Logistic regression aims to measure the relationship between a categorical dependent variable and one or more independent variables (usually continuous) by plotting the dependent variables’ probability scores. A categorical variable is a variable that can take values falling in limited categories instead of being continuous.
Logistic regression uses regression to predict the outcome of a categorical dependant variable on the basis of predictor variables. The probable outcomes of a single trial are modeled as a function of the explanatory variable using a logistic function. Logistic modeling is done on categorical data which may be of various types including binary and nominal. For example, a variable might be binary and have two possible categories of ‘yes’ and ‘no’; or it may be nominal say hair color maybe black, brown, red, gold and grey.
Another objective of logistic regression is to check if the probability of getting a particular value of the dependant variable is related to the independent variable. Multiple logistic regression is used when there are more than one independent variables under study.
Logistic Regression’s history can be traced back to the 19th century when it was first used to describe the growth rate of populations by Quetelet and Verhulst. Today, logistic regression is widely used in the field of medicine and biology. Epidemiology is also an area where logistic regression is widely used for identification of risk factors for diseases and to plan for preventive medication. Studies concerned with public health and related policy decisions use logistic regression as an important statistical tool.
Say, a retail chain wants to increase its sales by focusing on customer loyalty and acquiring new customers through word of mouth effect. It could conduct a survey among its existing customers to collect data on which Logistic Regression can be applied. Logistic Regression would help identify factors like product quality, service quality, brand image, reward programs, etc, that impact customers’ loyalty and willingness to recommend a retail store’s products to others. The results would help improve the store’s performance on these parameters and increase customer loyalty. It would also bring down customer acquisition costs by increasing customer referrals.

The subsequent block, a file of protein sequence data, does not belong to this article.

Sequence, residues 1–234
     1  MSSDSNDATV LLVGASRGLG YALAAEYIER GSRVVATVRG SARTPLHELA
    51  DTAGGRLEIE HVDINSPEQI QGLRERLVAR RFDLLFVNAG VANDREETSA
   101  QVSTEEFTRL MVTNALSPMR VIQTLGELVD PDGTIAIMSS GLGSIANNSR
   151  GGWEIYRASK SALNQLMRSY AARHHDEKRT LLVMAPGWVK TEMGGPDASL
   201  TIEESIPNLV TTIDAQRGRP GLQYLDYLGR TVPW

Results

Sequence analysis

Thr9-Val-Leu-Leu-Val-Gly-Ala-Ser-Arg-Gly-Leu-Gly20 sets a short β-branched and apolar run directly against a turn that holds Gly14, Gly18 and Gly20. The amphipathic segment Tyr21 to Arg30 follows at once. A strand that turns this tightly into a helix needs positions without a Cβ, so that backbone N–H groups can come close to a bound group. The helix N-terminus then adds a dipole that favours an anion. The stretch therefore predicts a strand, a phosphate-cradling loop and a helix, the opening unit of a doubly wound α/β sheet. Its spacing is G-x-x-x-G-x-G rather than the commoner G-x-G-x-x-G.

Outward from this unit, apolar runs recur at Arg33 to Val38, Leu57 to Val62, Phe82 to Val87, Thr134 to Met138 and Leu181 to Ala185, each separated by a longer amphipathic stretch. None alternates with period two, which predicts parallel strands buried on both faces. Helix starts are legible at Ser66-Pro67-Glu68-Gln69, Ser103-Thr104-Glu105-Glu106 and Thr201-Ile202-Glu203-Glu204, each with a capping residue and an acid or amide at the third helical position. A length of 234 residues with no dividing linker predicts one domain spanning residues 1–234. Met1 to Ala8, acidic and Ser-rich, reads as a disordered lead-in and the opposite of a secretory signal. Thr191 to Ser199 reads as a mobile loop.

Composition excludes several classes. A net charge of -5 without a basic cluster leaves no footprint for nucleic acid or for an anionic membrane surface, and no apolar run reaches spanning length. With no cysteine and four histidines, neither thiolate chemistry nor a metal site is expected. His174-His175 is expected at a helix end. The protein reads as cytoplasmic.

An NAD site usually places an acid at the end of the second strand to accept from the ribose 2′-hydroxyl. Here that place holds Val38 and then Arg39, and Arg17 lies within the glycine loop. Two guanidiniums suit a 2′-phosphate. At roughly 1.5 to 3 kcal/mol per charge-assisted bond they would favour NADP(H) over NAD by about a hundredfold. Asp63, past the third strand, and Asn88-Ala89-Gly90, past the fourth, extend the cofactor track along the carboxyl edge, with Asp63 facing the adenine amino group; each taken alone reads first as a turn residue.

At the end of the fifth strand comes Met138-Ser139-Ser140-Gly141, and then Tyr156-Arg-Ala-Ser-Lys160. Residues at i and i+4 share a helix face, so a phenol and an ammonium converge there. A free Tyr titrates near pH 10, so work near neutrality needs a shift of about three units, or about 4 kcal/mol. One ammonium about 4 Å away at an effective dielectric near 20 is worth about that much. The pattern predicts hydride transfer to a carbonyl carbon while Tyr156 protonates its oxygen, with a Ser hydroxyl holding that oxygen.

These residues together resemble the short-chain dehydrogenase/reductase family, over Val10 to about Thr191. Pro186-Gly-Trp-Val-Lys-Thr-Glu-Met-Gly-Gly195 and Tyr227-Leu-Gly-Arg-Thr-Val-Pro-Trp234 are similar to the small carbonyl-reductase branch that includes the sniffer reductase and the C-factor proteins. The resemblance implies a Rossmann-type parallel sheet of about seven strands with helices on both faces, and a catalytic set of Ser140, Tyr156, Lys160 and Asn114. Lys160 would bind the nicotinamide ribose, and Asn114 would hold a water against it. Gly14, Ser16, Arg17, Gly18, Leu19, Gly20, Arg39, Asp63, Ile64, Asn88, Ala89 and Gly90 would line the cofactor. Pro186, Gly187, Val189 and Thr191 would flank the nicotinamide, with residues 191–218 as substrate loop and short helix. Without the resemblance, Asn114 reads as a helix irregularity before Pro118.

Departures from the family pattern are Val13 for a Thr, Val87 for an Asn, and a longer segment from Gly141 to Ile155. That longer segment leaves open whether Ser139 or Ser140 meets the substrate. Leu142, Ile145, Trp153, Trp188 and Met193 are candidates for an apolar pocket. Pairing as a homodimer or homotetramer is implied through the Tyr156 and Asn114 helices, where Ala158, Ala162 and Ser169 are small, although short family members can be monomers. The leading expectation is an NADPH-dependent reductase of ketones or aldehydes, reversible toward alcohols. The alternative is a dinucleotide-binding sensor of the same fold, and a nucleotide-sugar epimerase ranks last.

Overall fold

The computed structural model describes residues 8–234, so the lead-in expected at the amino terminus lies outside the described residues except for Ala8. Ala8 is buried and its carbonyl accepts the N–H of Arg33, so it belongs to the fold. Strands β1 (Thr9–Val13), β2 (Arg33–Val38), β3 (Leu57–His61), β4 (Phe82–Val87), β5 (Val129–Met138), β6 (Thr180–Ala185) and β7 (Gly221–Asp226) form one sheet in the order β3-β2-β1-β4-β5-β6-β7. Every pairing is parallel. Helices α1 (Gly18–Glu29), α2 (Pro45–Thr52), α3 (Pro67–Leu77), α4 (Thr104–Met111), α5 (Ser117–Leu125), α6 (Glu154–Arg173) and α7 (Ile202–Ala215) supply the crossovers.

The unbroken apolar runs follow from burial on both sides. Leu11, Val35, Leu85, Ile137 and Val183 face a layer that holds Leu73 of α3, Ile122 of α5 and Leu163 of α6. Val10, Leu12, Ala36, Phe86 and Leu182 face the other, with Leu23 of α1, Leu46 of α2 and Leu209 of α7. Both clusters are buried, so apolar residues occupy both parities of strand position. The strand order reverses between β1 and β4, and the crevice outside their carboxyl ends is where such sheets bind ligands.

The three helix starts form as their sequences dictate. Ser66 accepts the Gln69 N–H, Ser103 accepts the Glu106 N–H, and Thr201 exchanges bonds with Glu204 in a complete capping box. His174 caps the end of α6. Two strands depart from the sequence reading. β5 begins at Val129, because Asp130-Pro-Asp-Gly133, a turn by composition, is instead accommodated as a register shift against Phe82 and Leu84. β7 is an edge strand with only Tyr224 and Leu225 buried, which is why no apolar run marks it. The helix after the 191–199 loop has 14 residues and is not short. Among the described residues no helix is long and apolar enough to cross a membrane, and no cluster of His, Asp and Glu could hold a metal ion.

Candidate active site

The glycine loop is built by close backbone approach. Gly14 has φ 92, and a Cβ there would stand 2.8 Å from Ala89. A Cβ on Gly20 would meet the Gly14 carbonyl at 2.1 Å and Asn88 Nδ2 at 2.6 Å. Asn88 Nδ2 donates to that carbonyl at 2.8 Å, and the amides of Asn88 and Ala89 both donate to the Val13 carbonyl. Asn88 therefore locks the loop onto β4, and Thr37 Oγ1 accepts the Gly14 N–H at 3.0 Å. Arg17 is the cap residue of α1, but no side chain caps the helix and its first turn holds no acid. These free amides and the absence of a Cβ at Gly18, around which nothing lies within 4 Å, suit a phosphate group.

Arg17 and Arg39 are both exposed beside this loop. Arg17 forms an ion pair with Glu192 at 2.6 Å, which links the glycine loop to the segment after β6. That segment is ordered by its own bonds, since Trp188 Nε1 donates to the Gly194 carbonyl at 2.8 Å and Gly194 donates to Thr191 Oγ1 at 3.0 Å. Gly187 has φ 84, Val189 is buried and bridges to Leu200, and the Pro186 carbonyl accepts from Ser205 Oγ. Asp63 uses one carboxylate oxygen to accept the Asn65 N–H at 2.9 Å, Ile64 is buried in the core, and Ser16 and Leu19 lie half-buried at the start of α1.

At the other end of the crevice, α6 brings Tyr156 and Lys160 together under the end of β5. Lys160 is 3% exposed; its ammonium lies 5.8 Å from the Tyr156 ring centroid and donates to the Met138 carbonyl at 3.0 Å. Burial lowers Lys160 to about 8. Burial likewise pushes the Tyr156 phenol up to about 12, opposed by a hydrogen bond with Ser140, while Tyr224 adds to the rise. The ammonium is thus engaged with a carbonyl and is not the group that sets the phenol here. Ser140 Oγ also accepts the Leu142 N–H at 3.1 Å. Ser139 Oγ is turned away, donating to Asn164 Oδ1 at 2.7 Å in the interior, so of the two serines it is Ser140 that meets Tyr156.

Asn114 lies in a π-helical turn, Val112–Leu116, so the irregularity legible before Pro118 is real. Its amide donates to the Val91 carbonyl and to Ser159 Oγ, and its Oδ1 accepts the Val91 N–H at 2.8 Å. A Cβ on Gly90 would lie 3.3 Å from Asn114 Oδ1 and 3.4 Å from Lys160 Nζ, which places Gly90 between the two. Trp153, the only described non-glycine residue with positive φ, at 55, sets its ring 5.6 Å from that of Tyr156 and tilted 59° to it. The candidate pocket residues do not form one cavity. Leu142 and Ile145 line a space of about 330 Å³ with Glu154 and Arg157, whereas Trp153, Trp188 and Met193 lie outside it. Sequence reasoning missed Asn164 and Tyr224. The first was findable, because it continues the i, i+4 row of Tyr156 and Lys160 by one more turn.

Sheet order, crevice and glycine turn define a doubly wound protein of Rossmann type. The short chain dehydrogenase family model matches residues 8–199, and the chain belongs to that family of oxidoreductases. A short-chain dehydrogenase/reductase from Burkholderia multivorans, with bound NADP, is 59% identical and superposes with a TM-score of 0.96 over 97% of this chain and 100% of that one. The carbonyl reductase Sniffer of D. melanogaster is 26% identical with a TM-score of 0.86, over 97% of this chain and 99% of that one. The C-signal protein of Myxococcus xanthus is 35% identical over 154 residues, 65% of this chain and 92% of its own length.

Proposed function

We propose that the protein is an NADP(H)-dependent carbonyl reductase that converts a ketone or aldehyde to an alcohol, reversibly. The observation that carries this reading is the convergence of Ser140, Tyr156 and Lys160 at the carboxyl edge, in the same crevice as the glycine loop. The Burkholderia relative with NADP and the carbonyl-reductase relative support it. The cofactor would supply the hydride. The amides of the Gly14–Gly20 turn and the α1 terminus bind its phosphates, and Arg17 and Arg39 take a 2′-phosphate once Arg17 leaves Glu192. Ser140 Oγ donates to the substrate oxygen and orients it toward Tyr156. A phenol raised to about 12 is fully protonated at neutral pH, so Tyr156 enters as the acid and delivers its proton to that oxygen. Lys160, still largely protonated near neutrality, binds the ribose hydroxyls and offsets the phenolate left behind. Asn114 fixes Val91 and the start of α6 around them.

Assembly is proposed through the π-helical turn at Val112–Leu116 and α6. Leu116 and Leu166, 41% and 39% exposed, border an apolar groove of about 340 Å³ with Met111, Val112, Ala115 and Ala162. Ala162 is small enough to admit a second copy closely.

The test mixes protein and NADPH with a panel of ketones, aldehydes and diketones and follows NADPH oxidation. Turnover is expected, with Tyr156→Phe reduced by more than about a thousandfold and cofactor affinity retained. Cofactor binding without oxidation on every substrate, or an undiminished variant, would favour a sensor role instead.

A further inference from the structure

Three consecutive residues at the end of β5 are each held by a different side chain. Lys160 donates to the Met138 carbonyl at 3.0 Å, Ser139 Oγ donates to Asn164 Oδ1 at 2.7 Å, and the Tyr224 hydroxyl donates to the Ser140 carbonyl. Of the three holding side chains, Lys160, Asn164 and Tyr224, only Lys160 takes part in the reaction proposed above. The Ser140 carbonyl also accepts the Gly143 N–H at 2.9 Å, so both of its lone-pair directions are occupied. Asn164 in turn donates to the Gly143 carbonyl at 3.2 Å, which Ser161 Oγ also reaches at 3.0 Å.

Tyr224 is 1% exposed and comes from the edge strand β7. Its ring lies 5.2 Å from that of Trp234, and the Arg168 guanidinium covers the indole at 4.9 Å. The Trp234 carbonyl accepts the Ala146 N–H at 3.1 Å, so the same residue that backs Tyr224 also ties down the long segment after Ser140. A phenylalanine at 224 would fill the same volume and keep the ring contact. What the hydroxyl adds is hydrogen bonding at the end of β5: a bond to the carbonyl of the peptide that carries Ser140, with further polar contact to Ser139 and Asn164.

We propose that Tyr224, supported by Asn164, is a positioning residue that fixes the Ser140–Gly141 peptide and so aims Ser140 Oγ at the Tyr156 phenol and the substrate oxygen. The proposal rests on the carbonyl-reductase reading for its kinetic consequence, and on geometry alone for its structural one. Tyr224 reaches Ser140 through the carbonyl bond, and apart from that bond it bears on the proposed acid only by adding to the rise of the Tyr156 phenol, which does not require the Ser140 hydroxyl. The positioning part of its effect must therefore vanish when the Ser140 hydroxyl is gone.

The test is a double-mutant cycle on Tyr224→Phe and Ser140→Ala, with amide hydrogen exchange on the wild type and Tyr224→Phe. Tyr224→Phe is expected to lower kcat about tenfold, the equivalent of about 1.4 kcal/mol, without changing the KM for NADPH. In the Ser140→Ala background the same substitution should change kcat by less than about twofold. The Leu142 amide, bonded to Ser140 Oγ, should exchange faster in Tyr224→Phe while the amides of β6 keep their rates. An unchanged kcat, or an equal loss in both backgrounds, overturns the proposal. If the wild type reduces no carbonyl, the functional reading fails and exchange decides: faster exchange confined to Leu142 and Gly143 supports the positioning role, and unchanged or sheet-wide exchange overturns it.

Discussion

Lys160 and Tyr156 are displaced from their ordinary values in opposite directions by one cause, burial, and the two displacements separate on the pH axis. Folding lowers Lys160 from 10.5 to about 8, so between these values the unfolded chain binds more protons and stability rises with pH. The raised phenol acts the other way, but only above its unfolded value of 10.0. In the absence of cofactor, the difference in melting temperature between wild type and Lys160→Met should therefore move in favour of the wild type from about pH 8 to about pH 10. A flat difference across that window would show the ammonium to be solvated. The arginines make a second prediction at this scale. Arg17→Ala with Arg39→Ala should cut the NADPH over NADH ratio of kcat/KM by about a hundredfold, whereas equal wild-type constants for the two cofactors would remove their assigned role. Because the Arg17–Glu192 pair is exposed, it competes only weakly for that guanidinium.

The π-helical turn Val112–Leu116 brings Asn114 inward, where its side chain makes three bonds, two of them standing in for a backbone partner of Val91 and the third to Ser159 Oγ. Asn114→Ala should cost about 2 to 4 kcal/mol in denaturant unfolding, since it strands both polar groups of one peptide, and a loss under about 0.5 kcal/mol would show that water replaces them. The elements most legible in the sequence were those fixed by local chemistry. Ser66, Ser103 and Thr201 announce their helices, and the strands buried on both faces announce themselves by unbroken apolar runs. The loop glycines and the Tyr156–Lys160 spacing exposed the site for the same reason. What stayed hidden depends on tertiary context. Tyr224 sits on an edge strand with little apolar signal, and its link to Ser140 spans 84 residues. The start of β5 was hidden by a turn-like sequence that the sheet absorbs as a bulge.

Scenarios or experimental studies where the independent variable is under our control (and we can set its values), are very suitable for using logistic regression. For example a cake manufacturer may want to determine if baking at 330°F, 350°F and 380°F would lead to ‘soft’ or ‘hard’ variety of cake (assuming he sells both the soft and hard cake varieties under different brands and at different prices). It would be best to use logistic regression in such a scenario instead of other statistical tests like ANOVA. It would be meaningless to compare the mean baking temperatures between soft and hard cakes and test the difference using ANOVA or t-test here, because the baking temperature does not depend on the cakes’ softness but rather, if there is a relationship - it is the other way round.
Further, logistic regression also scores over linear regression in the sense that linear regression does not take into account the weights of each sample in case of multiple observations. For example, if the baker has baked two batches of cakes, where the first batch consisted of 10 cakes (of which 6 were hard and 4 soft), and the second batch consisted of 40 cakes (of which 21 were hard and 19 soft); linear regression would assign equal importance to both batches (irrespective of the number of cakes being 10 vs. 40). A logistic regression would however take this into account and give the second batch 4 times more weightage than the first batch of cakes.
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